Data recovery and files with Linux Live
If we have been so short-sighted as not to activate the Windows 10 backup file, we can attempt to recover our files by relying on a tool like Linux Live, which is an operating system capable of starting independently from a DVD or from a USB stick, without disturbing the hard disk.
For file recovery, we recommend that you rely on SystemRescueCd, a free Linux image that we can burn to a DVD or to an empty USB stick of at least 2GB. For the guide, we will prefer the second method, but if we want to burn the image, we advise you to read our guide on How to Burn CDs and DVDs for free (Windows and Mac).
After downloading the ISO image, insert an empty USB stick in one of the PC’s pores (obviously we use a PC that is still working), get the portable program UNetbootin and start it; to create the USB stick, simply select ISO image, click on the button with the three dots (…), select the ISO image of SystemRescueCd and finally click OK to start the procedure for creating our “emergency disk”.
At the end of the operation, we remove the USB key from the computer, place it on the non-working PC or with Windows locked and modify the boot start in order to start from key instead of the hard disk, as already seen in our guide How to change the boot order of the computer.
After a few seconds, we will receive the SystemRescueCd welcome screen, in which we will have to press enter on the keyboard (avoid pressing other keys or selecting other items).
A few minutes from the start, a terminal window will appear, in which we will have to type startx to start the graphical interface. Now we will finally see the graphical interface of the Linux operating system, with all the necessary tools to be able to recover files but also perform other administrative tasks.
To access our files, we double-click on the top left on File System or on the name of the disk (the name of the label assigned on Windows should appear) and we navigate inside the folders of the hard disk until we find our personal folders (which, if we have not made changes in the Windows settings, we can find them in the route C: Users ).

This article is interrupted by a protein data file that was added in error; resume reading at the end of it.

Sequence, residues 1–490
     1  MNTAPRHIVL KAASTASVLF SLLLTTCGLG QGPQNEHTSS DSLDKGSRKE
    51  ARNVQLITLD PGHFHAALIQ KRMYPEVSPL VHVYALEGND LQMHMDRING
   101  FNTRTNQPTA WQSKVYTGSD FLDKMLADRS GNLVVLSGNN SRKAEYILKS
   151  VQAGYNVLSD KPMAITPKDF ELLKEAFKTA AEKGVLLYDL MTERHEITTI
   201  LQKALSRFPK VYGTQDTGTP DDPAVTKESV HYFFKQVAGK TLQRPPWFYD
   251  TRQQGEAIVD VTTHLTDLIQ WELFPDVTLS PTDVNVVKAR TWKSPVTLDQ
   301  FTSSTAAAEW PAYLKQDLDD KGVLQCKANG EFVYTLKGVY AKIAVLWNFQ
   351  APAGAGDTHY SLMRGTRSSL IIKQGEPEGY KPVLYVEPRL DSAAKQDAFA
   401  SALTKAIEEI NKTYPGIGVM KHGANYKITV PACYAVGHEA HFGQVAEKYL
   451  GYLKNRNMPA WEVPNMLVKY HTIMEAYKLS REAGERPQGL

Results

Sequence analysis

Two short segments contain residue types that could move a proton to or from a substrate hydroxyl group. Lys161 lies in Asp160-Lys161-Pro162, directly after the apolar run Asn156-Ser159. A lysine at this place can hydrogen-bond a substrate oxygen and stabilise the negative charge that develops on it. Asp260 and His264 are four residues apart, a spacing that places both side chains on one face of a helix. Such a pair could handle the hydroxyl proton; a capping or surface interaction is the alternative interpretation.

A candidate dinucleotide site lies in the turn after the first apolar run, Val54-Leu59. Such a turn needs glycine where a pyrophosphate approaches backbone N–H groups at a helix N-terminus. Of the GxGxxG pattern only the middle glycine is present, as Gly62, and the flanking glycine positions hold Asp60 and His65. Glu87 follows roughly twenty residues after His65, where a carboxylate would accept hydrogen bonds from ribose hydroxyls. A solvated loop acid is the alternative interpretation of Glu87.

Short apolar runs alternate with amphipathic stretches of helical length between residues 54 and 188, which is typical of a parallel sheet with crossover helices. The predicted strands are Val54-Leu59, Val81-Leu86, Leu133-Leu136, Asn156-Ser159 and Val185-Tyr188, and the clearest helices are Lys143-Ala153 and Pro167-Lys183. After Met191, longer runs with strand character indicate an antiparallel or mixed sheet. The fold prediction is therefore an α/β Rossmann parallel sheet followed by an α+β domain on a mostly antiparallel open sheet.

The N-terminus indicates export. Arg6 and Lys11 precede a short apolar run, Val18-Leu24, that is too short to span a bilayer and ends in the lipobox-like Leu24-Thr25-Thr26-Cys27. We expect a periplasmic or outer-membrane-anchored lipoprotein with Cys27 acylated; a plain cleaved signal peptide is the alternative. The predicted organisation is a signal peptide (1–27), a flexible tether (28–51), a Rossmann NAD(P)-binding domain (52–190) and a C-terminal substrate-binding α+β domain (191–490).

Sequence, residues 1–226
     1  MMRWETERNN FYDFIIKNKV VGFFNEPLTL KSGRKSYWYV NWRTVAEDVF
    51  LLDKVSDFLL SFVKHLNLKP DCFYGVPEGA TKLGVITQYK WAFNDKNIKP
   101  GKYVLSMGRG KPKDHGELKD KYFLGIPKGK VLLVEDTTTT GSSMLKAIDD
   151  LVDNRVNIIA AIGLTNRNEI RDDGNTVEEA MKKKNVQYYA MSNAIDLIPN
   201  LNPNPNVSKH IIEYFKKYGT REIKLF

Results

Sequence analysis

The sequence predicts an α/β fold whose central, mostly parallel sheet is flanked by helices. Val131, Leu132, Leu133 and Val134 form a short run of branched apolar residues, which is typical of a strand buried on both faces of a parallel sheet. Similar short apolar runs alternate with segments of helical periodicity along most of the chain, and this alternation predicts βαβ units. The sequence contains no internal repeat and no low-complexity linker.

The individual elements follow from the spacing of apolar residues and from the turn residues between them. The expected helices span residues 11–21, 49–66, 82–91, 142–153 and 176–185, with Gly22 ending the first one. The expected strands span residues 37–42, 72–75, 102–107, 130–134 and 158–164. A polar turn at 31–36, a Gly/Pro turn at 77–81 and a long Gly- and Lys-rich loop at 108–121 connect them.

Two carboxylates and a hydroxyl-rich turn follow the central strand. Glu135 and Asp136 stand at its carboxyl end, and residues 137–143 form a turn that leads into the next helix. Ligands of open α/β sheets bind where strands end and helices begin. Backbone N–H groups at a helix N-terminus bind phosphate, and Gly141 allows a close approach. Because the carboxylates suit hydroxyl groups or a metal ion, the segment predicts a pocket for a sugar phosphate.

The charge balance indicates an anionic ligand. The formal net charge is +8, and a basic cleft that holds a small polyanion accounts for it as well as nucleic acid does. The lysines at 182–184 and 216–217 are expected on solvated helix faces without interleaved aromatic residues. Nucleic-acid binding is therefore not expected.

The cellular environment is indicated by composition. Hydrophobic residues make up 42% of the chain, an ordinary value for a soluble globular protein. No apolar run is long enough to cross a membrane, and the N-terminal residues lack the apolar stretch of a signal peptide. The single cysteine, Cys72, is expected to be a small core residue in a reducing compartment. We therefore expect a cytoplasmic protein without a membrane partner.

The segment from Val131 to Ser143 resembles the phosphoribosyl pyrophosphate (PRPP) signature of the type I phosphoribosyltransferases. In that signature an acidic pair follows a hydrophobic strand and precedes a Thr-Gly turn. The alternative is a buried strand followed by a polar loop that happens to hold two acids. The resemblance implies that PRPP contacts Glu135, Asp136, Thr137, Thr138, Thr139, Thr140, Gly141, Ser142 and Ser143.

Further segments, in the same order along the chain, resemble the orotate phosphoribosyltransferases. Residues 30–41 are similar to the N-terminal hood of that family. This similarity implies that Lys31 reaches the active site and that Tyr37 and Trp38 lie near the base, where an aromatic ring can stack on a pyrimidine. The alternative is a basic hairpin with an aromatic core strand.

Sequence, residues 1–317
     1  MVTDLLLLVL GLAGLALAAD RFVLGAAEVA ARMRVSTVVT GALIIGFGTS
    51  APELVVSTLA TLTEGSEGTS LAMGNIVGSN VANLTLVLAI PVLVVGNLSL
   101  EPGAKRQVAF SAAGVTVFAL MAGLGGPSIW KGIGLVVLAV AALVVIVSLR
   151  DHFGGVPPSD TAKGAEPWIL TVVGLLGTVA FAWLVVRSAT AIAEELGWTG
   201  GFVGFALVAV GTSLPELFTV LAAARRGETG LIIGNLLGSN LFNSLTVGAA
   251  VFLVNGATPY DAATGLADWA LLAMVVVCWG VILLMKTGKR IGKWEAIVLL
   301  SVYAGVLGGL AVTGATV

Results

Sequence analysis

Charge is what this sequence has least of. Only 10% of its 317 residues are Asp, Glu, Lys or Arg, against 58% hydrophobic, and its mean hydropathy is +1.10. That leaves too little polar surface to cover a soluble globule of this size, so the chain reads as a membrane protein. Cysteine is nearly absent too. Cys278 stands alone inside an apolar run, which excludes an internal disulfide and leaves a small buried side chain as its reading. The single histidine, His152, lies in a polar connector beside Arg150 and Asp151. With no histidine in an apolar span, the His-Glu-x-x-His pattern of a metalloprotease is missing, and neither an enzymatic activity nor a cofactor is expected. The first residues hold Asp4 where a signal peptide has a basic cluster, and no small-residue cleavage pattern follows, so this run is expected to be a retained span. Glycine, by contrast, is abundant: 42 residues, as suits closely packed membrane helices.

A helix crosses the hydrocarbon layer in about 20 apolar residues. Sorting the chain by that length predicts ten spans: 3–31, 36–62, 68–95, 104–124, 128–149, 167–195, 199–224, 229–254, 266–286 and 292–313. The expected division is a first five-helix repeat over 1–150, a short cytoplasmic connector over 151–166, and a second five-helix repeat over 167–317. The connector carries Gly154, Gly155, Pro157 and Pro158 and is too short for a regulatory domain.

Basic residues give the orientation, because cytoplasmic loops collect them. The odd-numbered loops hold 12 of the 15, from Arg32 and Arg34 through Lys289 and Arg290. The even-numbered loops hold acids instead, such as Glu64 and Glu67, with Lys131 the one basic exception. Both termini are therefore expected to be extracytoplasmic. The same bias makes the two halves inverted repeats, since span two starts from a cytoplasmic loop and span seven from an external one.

After finding the folders with our personal files, we connect a quite large external disk via USB port, we wait for recognition by the Linux operating system so we move the folders (or just some files, if we think it appropriate) inside the disk fixed, using the right mouse button and the commands Copy (to copy the folder) e Paste (to paste the folder into the new external disk).
In addition to recovering files, this Linux distribution provides other useful tools such as gparted (to edit and delete hard disks), Firefox (to quickly access the Internet), lftp (to access a remote FTP server), TigerVNC Viewer (to be able to control a device remotely via VNC), Bulk Rename (to rename a large number of files), KeepassXC (to open password archives created with KeePass) e Zenmap (to map open ports and devices connected to the network).
As we could see in this guide, recovering files from a computer that doesn’t start is quite simple: we can either use the backups generated by Windows or use a Live version of Linux, with which to access the disks without even starting the main operating system. In particular, it can be useful to use the Linux Puppy distribution to save everything if Windows does not start and does not start.
In another guide, we have provided you with the tips to follow when a PC no longer boots and if Windows does not load, in which many of the concepts that we have expressed here and where we have different alternatives and emergency cd boot to be used are developed.
If instead of the backup we need a Windows disk, we can read our guide to the preventive creation of backup disk images, with which we can restore Windows without having to proceed to total formatting (which is advisable in case of total block or virus).
Moreover, in another article, we have seen what to do if the PC disk is broken or damaged.